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Oceanography PhD Projects in Leeds

We have 10 Oceanography PhD Projects in Leeds

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  Spilling into confinement: submarine slope valleys as pollutant and carbon sinks
  Prof DM Hodgson, Prof J Peakall, Dr I Kane
Application Deadline: 7 January 2019
Highlights. An opportunity to investigate the distribution of organic carbon and pollutants in deep-marine channels, with societal and economic implications.
  Warm climate, high seas. How did sea level change in Europe during the Last Interglacial?
  Dr N Barlow, Dr L Gregoire
Application Deadline: 31 January 2019
The big picture. Global sea-level rise is one of our greatest environmental challenges and is predicted to continue for hundreds of years, even if global greenhouse-gas emissions are stopped immediately (Clark et al., 2016).
  Wavy Jets and Arctic Climate Change - Examining the nature of the Arctic and its relationship to the jet stream and European weather/climate in the past
  Prof A Haywood, Dr D Hill
Application Deadline: 7 January 2019
Rising temperatures due to the emission of greenhouse gases may be changing atmospheric circulation. This is expressed most clearly by changes in regional weather patterns, and in the frequency and intensity of extreme weather events.
  How did the first animals and plants change our planet?
  Dr B Mills, Dr R Newton, Prof S Poulton
Application Deadline: 7 January 2019
This project aims to understand the changes in Earth’s surface conditions during the Paleozoic era, which saw the evolution of land plants and the rapid diversification of animal life.
  The Ice Age, oceans and climate: triggers of iceberg calving and rapid temperature change
  Dr R Ivanovic, Dr L Gregoire
Application Deadline: 7 January 2019
This PhD project will use climate/ice-sheet modelling to establish the complex chain of events that took place early in the last deglaciation, linking catastrophic ice sheet collapse, iceberg armadas, rapid cooling, abrupt warming and the complete reorganisation of largescale Atlantic Ocean circulation.
  Severe weather over Southeast Asia: fieldwork and modelling
  Dr C Birch, Dr J Marsham, Dr R Neely
Application Deadline: 7 January 2019
The Maritime Continent in Southeast Asia is a key region in the global weather and climate system. Its complex island geography and position among the warmest oceans on Earth lead to a multi-scale concoction of severe atmospheric convective and dynamical weather systems.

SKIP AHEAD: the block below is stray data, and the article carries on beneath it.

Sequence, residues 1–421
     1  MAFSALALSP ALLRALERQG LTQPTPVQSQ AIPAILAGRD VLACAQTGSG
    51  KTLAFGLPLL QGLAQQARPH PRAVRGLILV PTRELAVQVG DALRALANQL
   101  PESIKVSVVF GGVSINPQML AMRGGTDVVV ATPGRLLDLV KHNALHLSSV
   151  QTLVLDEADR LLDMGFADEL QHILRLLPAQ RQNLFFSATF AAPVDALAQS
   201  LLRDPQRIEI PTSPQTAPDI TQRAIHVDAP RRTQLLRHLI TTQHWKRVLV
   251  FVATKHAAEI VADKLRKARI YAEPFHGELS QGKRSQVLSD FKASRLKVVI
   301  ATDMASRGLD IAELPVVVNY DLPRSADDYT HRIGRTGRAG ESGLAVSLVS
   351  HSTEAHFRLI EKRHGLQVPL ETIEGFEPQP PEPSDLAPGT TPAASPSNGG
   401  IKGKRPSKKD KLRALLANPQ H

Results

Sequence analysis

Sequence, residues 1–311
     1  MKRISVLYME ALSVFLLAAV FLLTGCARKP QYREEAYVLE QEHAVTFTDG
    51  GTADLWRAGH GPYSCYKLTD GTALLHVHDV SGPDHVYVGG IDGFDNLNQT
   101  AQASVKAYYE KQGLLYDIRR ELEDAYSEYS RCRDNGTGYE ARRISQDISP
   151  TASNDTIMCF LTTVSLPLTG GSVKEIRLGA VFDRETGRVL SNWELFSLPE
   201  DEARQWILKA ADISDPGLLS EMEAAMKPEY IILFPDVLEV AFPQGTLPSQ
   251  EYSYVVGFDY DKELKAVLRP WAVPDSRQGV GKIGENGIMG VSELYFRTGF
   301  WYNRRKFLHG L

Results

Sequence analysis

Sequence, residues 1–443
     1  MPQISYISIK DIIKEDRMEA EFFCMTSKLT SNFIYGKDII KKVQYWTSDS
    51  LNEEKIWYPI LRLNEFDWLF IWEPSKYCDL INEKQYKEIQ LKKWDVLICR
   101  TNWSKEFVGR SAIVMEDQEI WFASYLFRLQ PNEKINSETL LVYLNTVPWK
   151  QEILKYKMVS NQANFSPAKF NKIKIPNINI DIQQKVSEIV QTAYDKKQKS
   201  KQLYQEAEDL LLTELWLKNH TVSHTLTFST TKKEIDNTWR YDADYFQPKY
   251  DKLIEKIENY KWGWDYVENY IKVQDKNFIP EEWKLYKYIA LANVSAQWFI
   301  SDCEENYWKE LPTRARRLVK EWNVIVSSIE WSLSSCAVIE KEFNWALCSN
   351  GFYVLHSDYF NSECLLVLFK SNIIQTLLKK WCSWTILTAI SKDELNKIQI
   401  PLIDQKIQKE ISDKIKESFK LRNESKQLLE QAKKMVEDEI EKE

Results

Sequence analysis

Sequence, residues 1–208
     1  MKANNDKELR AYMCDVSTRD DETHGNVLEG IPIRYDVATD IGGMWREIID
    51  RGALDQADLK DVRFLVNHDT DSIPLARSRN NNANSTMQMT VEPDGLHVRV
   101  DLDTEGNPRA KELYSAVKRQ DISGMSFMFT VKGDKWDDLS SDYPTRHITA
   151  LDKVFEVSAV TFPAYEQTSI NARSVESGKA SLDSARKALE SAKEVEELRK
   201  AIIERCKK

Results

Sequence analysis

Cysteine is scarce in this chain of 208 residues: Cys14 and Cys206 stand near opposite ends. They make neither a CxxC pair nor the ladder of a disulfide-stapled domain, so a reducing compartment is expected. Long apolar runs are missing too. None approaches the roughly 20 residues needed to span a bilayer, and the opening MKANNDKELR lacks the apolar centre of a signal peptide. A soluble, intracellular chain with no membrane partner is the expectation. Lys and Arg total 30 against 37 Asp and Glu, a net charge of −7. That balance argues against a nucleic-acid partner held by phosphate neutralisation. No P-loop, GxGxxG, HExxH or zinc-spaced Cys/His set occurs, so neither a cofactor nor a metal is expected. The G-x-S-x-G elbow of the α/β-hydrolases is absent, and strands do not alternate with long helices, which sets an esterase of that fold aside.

Petrological & geochemical insights into subduction initiation- the case of Izu-Bonin-Mariana volcanic arc
  Dr I Savov, Dr D Ferguson
Application Deadline: 7 January 2019
Convergent margins mark sites of plate destruction and are unique to Earth among the terrestrial planets. However, currently we lack clear understanding of why and how they are initiated.
  Ironing out the carbon cycle: Carbon burial associated with iron oxides in Arctic shelf sediments
  Dr C Marz, Prof C.L. Peacock
Application Deadline: 7 January 2019
As marine geoscientists, we are interested in the capability of the world’s oceans to sequester atmospheric CO2 into photosynthetic algal biomass, and to ultimately lock it away in seafloor sediments when this biomass dies and sinks to the ocean depths.
  Marine micronutrient cycling between sediments and seawater: What controls the concentration and isotopic composition of micronutrient trace metals in the global oceans?
  Prof C.L. Peacock, Dr C Marz
Application Deadline: 7 January 2019
WHAT IS THIS PROJECT ABOUT & WHY IS IT IMPORTANT?. In this project you will use new and exciting experimental and analytical approaches to investigate how micronutrients in seawater are taken up into fine-grained reactive minerals in marine sediments.
  Ocean Sulfate and Earth’s Surface Evolution
  Dr R Newton, Dr B Mills, Dr T Aze, Prof L Benning
Application Deadline: 7 January 2019
Ocean sulfate is an underappreciated control on the evolution of Earth’s surface environment. Sulfate concentrations have changed a lot over the course of Earth’s history, but the effect on the biogeochemical cycles of other elements and the links to evolutionary events has received relatively little attention.
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